This reduces delays and has been shown to reduce international imbalance in a specific setting [8]. Conversely, caution should be employed so as not to widen the equity gap that may arise towards the elderly, those not computer-literate, minority and low socioeconomic groups [9] who have limited internet or smartphone access [10].

The LINKS Virtual Toolkit [11] was presented. Online training is more inclusive, as many more people have access immediately and for longer periods than traditional training courses. Its drawback includes the cost of data which may require securing additional funding, especially if the cost of internet is not affordable, as in certain African countries (see Figure 1).

 

Figure 1: Affordable internet means 1GB of data costs less than 2% of monthly income,
indicated by the blue areas on the map (Countries in Africa depicted in grey had no data available).

 

Figure 2: Diagram showing the extra number of women with blindness
(horizontal axis) and visual impairment (vertical axis) by country.

 

Conclusion

The workshop concluded with a thought-provoking proposition regarding the evidence on gender inequity in eye health (see Figure 2). DR-NET should investigate whether this also occurs in DRS and start collecting and reporting DR-NET data by gender. More than 80% of the participants agreed to collect and report their data on screening and treatment disaggregated for gender.

The evaluation polls revealed that 90% of the participants felt that the workshop met their expectations, while 98% learnt something new and 95% gained new information that will change their practice positively. The workshop was a huge success, thanks to the organisers, active participants and eloquent presenters.

 

References

1. Burton MJ, Ramke J, Marques AP, et al. The Lancet Global Health Commission on Global Eye Health: vision beyond 2020. The Lancet Global Health 2021;9(4):e489-551.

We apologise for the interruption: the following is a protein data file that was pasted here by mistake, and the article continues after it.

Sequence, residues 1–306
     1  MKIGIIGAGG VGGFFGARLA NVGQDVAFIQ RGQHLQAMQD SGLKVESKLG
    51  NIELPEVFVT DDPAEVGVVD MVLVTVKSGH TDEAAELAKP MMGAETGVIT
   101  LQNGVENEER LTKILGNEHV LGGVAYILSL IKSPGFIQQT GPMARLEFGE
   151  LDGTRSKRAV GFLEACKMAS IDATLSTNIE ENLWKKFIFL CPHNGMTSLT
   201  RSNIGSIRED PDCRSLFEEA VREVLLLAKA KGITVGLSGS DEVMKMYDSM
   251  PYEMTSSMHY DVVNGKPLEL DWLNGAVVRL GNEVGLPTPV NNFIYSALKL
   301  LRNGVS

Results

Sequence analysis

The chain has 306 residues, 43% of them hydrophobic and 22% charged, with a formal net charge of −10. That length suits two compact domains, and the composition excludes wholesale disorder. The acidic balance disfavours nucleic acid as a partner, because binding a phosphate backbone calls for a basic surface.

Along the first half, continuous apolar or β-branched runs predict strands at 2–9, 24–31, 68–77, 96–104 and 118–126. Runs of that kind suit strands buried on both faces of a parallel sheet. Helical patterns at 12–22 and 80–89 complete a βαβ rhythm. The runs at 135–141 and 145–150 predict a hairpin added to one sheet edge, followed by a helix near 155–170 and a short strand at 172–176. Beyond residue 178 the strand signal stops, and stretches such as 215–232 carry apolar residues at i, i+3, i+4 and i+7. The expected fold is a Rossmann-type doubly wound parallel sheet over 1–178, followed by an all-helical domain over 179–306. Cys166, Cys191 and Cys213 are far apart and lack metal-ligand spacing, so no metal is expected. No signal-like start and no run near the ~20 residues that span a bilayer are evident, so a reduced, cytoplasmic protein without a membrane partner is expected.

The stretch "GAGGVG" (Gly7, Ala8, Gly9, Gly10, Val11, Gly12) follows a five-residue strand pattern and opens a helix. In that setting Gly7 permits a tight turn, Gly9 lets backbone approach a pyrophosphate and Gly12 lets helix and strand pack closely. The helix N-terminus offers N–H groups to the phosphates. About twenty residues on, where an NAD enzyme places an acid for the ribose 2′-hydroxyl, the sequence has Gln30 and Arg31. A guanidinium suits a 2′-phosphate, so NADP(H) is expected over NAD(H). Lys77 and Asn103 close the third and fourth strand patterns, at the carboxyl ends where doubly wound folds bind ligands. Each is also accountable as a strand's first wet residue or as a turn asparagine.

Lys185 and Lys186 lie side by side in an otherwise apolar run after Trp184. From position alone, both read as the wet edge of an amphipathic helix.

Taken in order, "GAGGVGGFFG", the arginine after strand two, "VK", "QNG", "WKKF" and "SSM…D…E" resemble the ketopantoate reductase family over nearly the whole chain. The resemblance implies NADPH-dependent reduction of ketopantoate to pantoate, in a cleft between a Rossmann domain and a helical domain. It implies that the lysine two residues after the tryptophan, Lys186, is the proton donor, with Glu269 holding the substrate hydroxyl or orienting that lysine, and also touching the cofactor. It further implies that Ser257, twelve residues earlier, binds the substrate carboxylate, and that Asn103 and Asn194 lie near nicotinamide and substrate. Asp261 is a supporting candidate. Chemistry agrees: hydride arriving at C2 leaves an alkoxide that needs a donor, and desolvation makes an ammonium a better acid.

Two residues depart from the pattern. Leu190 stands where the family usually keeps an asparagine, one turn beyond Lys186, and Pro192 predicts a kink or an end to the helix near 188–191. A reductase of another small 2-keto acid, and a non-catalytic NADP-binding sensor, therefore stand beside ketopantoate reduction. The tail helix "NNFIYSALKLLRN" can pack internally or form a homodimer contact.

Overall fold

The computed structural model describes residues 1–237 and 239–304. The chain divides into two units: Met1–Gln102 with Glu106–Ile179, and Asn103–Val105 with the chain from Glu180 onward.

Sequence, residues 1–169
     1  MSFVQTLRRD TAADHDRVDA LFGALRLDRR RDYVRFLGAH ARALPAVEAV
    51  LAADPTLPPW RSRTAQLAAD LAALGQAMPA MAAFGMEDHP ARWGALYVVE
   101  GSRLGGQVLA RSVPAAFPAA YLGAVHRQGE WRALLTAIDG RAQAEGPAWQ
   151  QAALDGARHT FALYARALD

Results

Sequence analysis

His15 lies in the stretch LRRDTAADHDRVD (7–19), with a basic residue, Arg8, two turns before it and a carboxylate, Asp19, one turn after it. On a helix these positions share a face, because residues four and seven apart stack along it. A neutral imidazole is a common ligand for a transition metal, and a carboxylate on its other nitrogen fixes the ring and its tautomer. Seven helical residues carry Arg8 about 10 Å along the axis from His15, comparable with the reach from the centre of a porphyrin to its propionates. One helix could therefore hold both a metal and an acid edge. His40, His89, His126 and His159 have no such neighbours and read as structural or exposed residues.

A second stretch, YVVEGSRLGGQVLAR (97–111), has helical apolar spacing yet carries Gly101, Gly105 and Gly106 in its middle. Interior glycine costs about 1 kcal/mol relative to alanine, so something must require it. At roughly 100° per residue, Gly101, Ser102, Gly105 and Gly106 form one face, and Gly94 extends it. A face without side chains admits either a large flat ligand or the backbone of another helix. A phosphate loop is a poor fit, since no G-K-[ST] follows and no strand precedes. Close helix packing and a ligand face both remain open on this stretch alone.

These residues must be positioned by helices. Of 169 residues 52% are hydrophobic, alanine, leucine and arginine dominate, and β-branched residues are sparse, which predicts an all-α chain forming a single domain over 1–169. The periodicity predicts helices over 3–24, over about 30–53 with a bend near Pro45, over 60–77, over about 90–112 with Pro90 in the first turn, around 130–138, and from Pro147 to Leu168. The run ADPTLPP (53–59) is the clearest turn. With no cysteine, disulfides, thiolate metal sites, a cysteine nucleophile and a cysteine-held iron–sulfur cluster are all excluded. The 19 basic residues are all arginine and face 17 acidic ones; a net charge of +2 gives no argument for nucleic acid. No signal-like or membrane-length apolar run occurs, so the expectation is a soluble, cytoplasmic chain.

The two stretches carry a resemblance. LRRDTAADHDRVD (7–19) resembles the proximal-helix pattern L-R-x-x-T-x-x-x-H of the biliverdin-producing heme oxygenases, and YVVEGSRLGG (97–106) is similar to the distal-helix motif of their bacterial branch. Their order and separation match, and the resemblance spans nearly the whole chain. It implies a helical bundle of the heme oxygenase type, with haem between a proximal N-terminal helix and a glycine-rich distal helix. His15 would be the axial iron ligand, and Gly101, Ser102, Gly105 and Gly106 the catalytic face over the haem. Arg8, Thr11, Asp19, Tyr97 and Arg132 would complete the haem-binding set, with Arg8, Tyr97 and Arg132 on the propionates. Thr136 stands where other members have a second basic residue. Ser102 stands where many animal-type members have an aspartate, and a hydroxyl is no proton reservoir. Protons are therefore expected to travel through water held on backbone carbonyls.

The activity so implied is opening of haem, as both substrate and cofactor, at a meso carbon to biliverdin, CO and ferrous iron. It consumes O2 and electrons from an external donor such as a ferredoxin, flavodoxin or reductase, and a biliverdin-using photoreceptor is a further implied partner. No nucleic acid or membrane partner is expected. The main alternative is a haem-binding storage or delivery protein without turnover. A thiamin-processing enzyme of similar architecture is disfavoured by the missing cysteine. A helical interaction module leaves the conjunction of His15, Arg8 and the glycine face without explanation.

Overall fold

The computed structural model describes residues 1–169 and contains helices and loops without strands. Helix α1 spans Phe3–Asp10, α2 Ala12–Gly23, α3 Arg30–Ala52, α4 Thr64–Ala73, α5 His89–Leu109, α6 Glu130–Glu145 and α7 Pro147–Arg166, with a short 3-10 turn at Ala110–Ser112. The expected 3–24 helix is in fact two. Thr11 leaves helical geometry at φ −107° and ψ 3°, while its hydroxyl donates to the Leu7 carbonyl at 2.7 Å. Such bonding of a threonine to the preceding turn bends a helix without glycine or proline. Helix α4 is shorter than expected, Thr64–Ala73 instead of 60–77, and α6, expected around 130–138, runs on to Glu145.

2. Rao GN. The achievements and lasting effects of VISION 2020. Eye News 2020;26(6):3-5.
3. Zondervan M, Msukwa G, Onyango J, et al. VISION 2020 LINKS Programme: The contribution of health partnerships to reduction in blindness worldwide. Eye News 2020;26(6):7-12.
4. Astbury N, Burgess P, Foster A, et al. Tackling diabetic retinopathy globally through the VISION 2020 LINKS Diabetic Retinopathy Network. Eye News 2017;23(5)
5. Gunasekeran DV, Tham YC, Ting DS, et al. Digital health during COVID-19: lessons from operationalising new models of care in ophthalmology. The Lancet Digital Health 2021;3(2):e124-34.
6. Galiero R, Pafundi PC, Nevola R, et al. The Importance of Telemedicine during COVID-19 Pandemic: A Focus on Diabetic Retinopathy. Journal of Diabetes Research 2020;2020:1-8.
7. Ghazala FR, Dall’Ozzo S, McGowan G, Livingstone IA. Teleophthalmology-Enabled Direct Vitreoretinal Surgery Listing from Community Optometric Practice: Enhanced Efficiency During Coronavirus Disease 2019, and Beyond? Telemedicine and e-Health 2021;27(7):816-9.
8. Yousef YA, Al-Nawaiseh I, Mehyar M, et al. How telemedicine and centralized care changed the natural history of retinoblastoma in a developing country: Analysis of 478 patients. Ophthalmology 2021;128(1):130-7.
9. Nouri S, Khoong EC, Lyles CR, Karliner L. Addressing equity in telemedicine for chronic disease management during the Covid-19 pandemic. NEJM Catalyst Innovations in Care Delivery 2020;1(3):1-13.
10. Scanzera AC, Kim SJ, Chan RP. Teleophthalmology and the digital divide: inequities highlighted by the COVID-19 pandemic. Eye 2021;35:1529-31.
11. ICEH. Toolkit – how to run a virtual LINK. 2021:
https://iceh.lshtm.ac.uk/files/
2021/07/4.-Toolkit-for-running
-a-virtual-LINK_new-july-2021.pdf

(Last accessed August 2021).

 

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CONTRIBUTOR
Onyinye Onyia

School of Public Health, University of Port-Harcourt, Rivers State, Nigeria Ophthalmologist, Federal Medical Centre, Owerri, Imo State, Nigeria.

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CONTRIBUTOR
Covadonga Bascaran

International Centre for Eye Health, LSHTM.

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CONTRIBUTOR
Marcia Zondervan

VISION 2020 Links Programme, International Centre for Eye Health, LSHTM, Keppel Street, London, WC1E 7HT, UK.